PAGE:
Everybody has a template of questions they tend to run through when they meet somebody new (‘Where are you from?’ ‘How do you know [mutual friend]?’) and once you start skidding in to your early/mid twenties ‘What do you do?’ tends to make an appearance in the line-up. I’ve always kind of felt like this line of questioning, more so than any other, is like the adult human version of sniffing each other’s butts. Because it tells you so much about a person right off the bat – their lifestyle, their interests perhaps, how much they probably earn, and gives you a neat little package of talking points. I live in London, and asking what someone else does for a living is like a sport here. Which company, why that company in particular, do you know this or that person, how long have you been there, do you like it, and – one that for for a long time I struggled to answer – what size is the company you work for. (Quick sidebar to add that size/measurements are kind of a blind spot for me. I don’t know why, but I have had so many conversations that go like this: Person- ‘How far is it?’ Me- ‘I think like four kilometres?’ Person- ‘Four kilometres?’ Me- ‘Or 500 metres, I don’t know.’) So my answer to that kind of question was usually that it was biggish, with somewhere between five and 1,000 people working there, never really knowing why they would be interested in that information. But over the last few years I’ve realised that there is a pretty big distinction between working at a large company or a smaller company, like a start-up.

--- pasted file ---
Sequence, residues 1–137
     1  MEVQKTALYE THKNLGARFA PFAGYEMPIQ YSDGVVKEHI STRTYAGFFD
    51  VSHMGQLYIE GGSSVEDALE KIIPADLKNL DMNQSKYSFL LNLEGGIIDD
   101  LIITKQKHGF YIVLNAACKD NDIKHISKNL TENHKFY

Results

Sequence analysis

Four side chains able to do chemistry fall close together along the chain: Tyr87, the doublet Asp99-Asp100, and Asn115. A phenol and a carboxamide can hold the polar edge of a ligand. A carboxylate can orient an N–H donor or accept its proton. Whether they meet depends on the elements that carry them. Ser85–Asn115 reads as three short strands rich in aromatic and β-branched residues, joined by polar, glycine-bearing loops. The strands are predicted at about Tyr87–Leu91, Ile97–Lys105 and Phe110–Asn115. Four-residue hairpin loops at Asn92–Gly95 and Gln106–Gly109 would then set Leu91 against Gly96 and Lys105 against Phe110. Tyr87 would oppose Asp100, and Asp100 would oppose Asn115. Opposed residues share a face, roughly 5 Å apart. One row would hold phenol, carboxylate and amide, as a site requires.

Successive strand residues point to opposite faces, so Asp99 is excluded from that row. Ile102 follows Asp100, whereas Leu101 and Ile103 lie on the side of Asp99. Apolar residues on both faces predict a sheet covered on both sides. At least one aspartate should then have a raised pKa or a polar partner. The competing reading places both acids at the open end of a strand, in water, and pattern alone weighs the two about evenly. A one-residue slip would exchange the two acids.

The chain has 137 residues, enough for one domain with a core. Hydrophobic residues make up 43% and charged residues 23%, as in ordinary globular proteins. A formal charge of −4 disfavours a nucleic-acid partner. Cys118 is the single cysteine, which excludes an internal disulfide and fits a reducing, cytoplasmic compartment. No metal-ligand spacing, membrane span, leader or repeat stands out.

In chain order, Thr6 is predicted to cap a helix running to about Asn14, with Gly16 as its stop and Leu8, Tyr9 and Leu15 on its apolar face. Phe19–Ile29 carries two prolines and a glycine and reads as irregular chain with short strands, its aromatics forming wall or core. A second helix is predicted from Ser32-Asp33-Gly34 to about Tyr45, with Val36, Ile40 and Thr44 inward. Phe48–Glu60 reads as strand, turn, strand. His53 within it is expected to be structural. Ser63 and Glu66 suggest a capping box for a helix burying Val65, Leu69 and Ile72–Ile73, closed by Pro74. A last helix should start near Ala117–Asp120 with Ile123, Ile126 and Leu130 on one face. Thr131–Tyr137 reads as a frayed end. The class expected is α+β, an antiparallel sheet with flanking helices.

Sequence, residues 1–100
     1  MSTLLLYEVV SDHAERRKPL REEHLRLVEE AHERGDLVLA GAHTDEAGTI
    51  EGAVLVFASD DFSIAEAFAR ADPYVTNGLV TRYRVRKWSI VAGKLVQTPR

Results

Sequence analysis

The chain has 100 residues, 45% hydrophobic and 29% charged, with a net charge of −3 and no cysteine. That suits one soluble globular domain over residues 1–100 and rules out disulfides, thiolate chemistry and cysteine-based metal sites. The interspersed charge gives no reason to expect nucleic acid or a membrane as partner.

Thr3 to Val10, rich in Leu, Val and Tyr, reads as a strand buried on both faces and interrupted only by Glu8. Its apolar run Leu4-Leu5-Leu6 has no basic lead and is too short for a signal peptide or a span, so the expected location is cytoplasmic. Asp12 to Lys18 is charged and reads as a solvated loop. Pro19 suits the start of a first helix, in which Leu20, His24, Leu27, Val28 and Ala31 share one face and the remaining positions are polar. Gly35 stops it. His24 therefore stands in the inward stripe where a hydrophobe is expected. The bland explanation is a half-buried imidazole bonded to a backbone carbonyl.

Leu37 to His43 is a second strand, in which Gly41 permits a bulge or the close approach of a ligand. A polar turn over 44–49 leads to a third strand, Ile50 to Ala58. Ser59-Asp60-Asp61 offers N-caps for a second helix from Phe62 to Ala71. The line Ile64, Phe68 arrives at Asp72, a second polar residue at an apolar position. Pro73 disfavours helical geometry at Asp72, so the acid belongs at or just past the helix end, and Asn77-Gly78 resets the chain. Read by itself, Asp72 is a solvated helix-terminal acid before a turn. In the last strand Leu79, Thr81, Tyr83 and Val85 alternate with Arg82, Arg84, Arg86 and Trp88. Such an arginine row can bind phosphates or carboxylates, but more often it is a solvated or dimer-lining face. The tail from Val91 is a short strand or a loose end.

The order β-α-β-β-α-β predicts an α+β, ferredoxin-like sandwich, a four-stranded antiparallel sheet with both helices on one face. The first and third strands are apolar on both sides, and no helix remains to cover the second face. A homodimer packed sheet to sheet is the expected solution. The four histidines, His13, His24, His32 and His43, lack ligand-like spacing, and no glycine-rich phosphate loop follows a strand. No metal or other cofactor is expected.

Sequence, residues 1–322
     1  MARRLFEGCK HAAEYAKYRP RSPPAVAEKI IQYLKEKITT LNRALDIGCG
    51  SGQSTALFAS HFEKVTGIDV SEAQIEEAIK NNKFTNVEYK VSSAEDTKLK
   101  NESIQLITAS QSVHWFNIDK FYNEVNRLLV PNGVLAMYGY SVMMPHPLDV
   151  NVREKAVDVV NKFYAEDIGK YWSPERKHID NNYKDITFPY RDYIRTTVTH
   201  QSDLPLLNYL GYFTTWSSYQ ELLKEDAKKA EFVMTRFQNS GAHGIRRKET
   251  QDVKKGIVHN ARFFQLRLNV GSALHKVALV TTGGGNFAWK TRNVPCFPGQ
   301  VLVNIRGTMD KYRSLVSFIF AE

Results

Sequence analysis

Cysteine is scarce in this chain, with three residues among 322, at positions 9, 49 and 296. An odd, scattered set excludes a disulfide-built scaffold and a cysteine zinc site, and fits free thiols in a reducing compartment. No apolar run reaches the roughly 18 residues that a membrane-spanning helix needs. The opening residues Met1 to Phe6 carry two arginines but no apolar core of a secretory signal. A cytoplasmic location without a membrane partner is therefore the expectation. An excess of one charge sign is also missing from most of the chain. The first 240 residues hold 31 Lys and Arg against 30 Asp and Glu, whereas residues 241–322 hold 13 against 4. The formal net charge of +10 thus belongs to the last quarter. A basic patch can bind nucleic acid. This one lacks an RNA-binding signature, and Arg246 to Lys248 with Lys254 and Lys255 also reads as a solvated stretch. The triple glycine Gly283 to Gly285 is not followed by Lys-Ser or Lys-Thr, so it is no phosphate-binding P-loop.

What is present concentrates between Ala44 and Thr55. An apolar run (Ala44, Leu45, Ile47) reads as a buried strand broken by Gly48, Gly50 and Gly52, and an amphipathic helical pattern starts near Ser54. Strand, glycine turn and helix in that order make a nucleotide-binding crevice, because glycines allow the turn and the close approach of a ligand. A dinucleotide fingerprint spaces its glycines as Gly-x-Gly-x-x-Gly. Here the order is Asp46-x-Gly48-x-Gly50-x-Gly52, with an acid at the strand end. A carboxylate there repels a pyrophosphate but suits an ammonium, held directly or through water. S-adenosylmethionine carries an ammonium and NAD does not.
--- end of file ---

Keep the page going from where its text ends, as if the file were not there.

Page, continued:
There is a lot to be said for working at a large company. Your income and your employment is usually more secure, they have things like contracts and a legal/HR department. If you’re having problems with a co-worker, you know who to talk to. If you want a pay rise, or a promotion, or some different responsibilities, there are channels to go through and everything is documented. I know all that sounds like a snore, but – as I’ve said in previous columns – once you’ve worked at a place that doesn’t have those kinds of structures you quickly realise their value. If you’re lucky, workplace disputes, harassments, getting fired, happen very very rarely. But when something like that does happen and isn’t dealt with properly, seriously shitty things can happen. Like you lose your job for no good reason and have no legal recourse. I can only speak from personal experience, but start-ups can often play fast and loose with things like contracts and HR so be wary of that type of thing if you’re looking in to working at a small company.